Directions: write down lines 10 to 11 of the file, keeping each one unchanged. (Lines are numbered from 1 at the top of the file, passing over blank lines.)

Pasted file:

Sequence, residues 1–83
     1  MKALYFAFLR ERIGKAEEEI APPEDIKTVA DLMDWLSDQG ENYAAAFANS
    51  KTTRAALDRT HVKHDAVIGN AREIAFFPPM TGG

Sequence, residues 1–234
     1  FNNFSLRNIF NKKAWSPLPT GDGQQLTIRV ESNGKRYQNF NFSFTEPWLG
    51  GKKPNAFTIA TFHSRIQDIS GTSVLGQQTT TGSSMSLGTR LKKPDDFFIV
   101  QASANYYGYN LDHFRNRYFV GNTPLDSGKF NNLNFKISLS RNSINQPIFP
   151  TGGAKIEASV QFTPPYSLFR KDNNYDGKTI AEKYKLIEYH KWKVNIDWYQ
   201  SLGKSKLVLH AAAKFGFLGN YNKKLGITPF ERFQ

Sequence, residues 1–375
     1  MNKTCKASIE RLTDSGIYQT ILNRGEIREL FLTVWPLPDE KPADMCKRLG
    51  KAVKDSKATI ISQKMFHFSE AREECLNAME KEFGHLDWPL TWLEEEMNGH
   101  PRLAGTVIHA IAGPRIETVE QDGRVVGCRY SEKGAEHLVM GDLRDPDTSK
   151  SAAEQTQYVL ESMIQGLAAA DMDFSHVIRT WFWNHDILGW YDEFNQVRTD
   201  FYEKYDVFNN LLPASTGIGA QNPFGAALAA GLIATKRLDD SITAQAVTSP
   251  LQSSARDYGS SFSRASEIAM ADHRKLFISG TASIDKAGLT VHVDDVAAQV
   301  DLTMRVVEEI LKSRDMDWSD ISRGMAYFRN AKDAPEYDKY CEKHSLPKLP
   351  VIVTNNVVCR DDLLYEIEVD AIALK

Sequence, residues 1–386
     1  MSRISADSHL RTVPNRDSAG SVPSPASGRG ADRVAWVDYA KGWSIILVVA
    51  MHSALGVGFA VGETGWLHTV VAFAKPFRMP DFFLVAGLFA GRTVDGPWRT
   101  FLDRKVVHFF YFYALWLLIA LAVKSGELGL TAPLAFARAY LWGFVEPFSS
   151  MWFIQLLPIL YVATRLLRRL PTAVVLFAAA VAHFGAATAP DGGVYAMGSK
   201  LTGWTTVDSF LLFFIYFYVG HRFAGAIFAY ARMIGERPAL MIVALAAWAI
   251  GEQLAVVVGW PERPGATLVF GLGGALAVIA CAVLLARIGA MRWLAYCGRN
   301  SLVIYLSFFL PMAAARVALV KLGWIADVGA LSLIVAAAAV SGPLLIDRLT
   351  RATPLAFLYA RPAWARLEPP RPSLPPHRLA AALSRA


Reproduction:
Sequence, residues 1–375
     1  MNKTCKASIE RLTDSGIYQT ILNRGEIREL FLTVWPLPDE KPADMCKRLG